Unit Testing Performance

Angular: The Full Gamut Edition

Charlie Greenman
July 25, 2021
6 min read

Unit Testing isn't one of those things that we equate with performance. There are tools that allow one to a unit test by a specific folder. In addition, there is parallel unit testing for the pipeline so that unit tests can be sped up. However, as apps get larger so do their unit tests.

From a developer perspective, it is valuable to run all unit tests to make sure that when larger impacting edits are made that none of the unit tests are failing. Unit tests will be run when a push request is being made. In addition, they are going to be run when deploying. So there is enough going on to say that being conscious of performance boost is an important factor.

Component and Integration Testing

It is quite common that many enterprise apps will take advantage of integration testing within their unit tests. However, creating the component within the unit test is intuitively, and is the most expensive task one can do within a unit test.

Avoiding creating a component unless needed is the ideal. The ideal scenario when creating a component looks something like this:

describe('BannerComponent', () => {let component: BannerComponent;let fixture: ComponentFixture<BannerComponent>;beforeEach(async(() => {
    TestBed.configureTestingModule({
      declarations: [ BannerComponent ]}).compileComponents();}));beforeEach(() => {
    fixture = TestBed.createComponent(BannerComponent);
    component = fixture.componentInstance;
    fixture.detectChanges();});it('should create', () => {expect(component).toBeDefined();});})

Here we are setting a TestBed, configuring the test module, and then compiling the component. While in practice there is nothing wrong with this, but for every run, this will re-compile our components. So, if there is a way we can get around re-compiling our component, this would obviously go a bit quicker.

There are a couple of approaches. One of them involves using something called ng-bullet. I am bit skeptical of using something like this, as I can see it causing some issues among the build. The second approach is to only compile the component if you need it. It would be a good to suggest Jest which is a faster way of running unit tests. For current karma/jasmine unit tests to be mindful of how you are writing unit tests.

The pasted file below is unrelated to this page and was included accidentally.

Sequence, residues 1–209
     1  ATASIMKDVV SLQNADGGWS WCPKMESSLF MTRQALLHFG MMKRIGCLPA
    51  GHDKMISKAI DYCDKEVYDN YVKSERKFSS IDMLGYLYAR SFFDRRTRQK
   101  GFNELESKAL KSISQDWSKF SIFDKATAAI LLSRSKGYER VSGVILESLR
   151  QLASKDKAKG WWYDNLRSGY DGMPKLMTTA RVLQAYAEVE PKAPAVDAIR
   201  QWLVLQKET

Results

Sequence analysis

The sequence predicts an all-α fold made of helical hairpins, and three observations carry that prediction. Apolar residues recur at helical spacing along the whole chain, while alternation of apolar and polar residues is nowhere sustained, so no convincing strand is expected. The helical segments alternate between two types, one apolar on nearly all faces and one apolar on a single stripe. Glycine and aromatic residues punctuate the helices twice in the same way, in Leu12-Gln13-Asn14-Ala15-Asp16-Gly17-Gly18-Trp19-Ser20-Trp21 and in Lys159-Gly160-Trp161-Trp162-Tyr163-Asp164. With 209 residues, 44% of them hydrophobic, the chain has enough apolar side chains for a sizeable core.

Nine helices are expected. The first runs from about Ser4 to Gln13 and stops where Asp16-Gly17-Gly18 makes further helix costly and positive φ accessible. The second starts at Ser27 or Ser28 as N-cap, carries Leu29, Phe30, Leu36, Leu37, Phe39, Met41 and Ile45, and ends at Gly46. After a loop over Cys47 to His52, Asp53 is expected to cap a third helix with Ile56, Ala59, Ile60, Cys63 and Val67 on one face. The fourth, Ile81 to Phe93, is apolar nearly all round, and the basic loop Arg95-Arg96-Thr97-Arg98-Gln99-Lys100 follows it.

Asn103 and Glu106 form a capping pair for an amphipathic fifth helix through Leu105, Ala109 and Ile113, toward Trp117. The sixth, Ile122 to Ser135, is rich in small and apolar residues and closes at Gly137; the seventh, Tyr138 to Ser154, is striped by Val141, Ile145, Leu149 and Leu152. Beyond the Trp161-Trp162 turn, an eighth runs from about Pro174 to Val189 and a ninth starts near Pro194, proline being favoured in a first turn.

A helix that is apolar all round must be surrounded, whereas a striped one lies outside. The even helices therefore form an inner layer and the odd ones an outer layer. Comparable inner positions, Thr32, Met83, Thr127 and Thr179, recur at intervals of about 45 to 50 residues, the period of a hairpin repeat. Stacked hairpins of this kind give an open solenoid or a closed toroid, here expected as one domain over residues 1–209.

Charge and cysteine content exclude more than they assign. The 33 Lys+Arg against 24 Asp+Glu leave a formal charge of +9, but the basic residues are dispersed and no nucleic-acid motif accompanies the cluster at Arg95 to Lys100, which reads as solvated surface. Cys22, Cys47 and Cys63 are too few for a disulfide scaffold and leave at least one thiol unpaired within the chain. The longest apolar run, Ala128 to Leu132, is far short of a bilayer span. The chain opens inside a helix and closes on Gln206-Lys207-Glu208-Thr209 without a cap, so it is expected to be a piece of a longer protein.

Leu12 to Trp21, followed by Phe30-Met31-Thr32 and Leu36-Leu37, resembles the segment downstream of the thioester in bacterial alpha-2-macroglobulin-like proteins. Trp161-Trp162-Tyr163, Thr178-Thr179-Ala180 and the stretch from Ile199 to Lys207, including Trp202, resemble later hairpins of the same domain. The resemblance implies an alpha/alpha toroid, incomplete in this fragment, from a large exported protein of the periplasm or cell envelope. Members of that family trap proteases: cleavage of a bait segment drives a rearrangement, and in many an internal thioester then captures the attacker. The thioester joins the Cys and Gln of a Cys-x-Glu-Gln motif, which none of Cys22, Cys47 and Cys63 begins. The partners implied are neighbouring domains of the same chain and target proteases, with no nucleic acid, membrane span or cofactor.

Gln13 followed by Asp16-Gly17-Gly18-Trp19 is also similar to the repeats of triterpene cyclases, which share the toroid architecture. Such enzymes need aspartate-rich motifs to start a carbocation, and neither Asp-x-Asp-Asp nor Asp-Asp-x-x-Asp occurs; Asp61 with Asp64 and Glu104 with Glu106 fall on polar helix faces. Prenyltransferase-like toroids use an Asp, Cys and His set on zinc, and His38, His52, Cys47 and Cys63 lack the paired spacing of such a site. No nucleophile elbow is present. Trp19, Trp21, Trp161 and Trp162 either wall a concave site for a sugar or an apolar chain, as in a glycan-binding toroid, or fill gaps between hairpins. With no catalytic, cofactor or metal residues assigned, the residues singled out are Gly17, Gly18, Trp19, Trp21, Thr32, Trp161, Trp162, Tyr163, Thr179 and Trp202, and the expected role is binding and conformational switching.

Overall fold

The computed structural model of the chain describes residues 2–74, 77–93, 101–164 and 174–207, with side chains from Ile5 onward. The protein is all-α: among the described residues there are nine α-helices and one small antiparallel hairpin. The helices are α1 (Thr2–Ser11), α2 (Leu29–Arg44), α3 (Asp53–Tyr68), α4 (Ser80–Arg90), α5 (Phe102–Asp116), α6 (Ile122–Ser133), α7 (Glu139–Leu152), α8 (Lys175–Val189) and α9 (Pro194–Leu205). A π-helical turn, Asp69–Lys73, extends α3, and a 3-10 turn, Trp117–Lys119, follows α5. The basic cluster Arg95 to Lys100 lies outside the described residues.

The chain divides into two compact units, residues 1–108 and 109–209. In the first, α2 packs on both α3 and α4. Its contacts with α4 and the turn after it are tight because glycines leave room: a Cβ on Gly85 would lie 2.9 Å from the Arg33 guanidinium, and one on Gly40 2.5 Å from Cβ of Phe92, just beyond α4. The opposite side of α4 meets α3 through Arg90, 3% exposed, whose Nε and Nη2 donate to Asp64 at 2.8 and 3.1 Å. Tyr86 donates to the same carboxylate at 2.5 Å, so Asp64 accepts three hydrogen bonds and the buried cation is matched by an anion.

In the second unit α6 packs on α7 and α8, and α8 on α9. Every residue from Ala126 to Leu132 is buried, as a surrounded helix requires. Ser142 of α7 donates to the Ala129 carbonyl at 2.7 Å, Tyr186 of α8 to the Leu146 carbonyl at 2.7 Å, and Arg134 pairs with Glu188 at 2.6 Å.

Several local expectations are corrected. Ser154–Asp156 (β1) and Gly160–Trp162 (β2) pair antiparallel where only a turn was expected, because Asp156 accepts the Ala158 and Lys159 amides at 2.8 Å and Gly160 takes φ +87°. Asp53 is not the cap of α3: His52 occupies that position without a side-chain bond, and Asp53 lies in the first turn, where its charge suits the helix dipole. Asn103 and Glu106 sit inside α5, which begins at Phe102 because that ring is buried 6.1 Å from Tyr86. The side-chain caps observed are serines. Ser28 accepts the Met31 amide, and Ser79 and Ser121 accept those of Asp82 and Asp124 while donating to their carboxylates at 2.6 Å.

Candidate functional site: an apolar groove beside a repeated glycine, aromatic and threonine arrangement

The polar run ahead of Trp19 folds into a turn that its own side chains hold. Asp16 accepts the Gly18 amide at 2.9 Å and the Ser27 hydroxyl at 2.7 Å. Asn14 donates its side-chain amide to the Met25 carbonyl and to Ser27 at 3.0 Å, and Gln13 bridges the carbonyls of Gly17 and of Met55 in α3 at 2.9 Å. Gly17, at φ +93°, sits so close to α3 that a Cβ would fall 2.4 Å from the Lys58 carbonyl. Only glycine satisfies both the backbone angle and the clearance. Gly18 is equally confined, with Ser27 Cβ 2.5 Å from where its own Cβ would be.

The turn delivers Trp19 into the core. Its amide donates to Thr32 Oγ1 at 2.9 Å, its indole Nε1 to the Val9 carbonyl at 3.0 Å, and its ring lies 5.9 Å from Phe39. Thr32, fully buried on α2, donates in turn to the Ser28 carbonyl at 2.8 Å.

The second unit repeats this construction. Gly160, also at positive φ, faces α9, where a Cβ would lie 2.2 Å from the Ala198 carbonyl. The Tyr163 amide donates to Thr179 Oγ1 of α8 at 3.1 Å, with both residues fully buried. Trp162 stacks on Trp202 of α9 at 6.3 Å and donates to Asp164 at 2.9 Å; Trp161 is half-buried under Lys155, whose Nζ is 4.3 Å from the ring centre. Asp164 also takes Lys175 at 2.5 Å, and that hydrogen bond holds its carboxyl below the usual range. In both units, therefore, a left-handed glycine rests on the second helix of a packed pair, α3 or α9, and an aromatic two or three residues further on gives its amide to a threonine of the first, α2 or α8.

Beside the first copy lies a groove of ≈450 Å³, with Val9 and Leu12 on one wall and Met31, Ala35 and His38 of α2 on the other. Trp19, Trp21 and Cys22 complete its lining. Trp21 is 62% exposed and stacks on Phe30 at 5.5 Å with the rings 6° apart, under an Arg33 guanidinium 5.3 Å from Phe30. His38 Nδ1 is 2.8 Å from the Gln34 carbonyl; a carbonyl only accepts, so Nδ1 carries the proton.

Component Testing

There are three different ways of unit testing a component:

  1. Isolated Unit tests

  2. Shallow Unit Tests

  3. Integrated Unit Tests

Of the three, Isolated Unit Tests, score high on a performance level. It will not cause the component to re-render itself. However, by using an isolated unit tests, we are simply testing the logic of the component, without testing how it interacts without actual html. This usually only works in certain scenarios.

In most scenarios, there will be a requirement of running the TestBed which can cause performance issues when running a large amount of tests and can be dealt with.

Running tests in Parallel

The next item in the checklist is to separate your tests into separate modules so that they can be run separately. You will then be able to run the tests in parallel. This will allow for the tests to run quicker.

Karma Parallel

Karma Parallel is an npm package that can be used to run unit tests in parallel. Karma Parallel requires the karma config to be updated accordingly. This is one downfall of the karma config that anytime a new package is added, it has to be updated accordingly.

Ng-Bullet

There is a fantastic library that has been written to accommodate for some performance boosts with regards to Angular Unit Tests.

In short, there has been discussion around increasing the performance of Angular Unit Tests for quite some time. The way that the new Angular compiler will work, will greatly decrease time it will take for Karma/Jasmine unit tests regardless. I would imagine this is the reason why those working on Angular, have decided not to comment. However, Ng-bullet is a possibility to be used for those that seriously need the performance boost in their Angular App.

Style Cleanup

The biggest improvement with regards to performance boosts comes with improving memory leaks. The largest memory leak is caused by CSS. If you do not clear your css in your unit tests, your karma tests will consistently append hundreds if not thousands of \<style> tages to your body. This will incredibly slow down how fast your unit tests run. This can be alleviated by adding an afterAll to your unit tests:

export function cleanStylesFromDOM(): void {const head: HTMLHeadElement = document.getElementByTagName('head')[0];const styles: HTMLCollectionOf<HTMLStyleElement> | [] = head.getElementsByTageName('style');for (let i: number = 0; i < styles.length; i++) {
    head.removeChild(styles[i]);}}afterAll(() => {clearStylesFromDOM();});

The above functionality will improve performance of unit tests by five fold.

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